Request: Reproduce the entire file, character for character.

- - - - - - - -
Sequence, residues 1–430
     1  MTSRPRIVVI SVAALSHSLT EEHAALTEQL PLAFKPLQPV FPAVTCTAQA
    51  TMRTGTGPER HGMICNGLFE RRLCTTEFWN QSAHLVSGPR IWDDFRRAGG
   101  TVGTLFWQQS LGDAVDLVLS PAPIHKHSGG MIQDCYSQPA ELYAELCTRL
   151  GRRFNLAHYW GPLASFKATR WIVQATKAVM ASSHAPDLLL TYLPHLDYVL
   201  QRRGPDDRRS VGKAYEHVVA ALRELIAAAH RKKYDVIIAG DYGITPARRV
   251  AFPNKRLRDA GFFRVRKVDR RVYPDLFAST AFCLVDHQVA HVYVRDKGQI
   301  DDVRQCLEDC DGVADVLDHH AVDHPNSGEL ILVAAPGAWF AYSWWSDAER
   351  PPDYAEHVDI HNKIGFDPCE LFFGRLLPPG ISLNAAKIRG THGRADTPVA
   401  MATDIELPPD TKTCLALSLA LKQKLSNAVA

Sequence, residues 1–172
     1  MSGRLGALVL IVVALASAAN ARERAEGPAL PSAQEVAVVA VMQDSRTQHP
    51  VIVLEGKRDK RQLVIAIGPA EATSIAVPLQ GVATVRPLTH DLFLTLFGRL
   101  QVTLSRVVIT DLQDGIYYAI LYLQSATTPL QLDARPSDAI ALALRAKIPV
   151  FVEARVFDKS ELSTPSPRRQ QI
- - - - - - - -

Sequence, residues 1–430
     1  MTSRPRIVVI SVAALSHSLT EEHAALTEQL PLAFKPLQPV FPAVTCTAQA
    51  TMRTGTGPER HGMICNGLFE RRLCTTEFWN QSAHLVSGPR IWDDFRRAGG
   101  TVGTLFWQQS LGDAVDLVLS PAPIHKHSGG MIQDCYSQPA ELYAELCTRL
   151  GRRFNLAHYW GPLASFKATR WIVQATKAVM ASSHAPDLLL TYLPHLDYVL
   201  QRRGPDDRRS VGKAYEHVVA ALRELIAAAH RKKYDVIIAG DYGITPARRV
   251  AFPNKRLRDA GFFRVRKVDR RVYPDLFAST AFCLVDHQVA HVYVRDKGQI
   301  DDVRQCLEDC DGVADVLDHH AVDHPNSGEL ILVAAPGAWF AYSWWSDAER
   351  PPDYAEHVDI HNKIGFDPCE LFFGRLLPPG ISLNAAKIRG THGRADTPVA
   401  MATDIELPPD TKTCLALSLA LKQKLSNAVA

Sequence, residues 1–172
     1  MSGRLGALVL IVVALASAAN ARERAEGPAL PSAQEVAVVA VMQDSRTQHP
    51  VIVLEGKRDK RQLVIAIGPA EATSIAVPLQ GVATVRPLTH DLFLTLFGRL
   101  QVTLSRVVIT DLQDGIYYAI LYLQSATTPL QLDARPSDAI ALALRAKIPV
   151  FVEARVFDKS ELSTPSPRRQ QI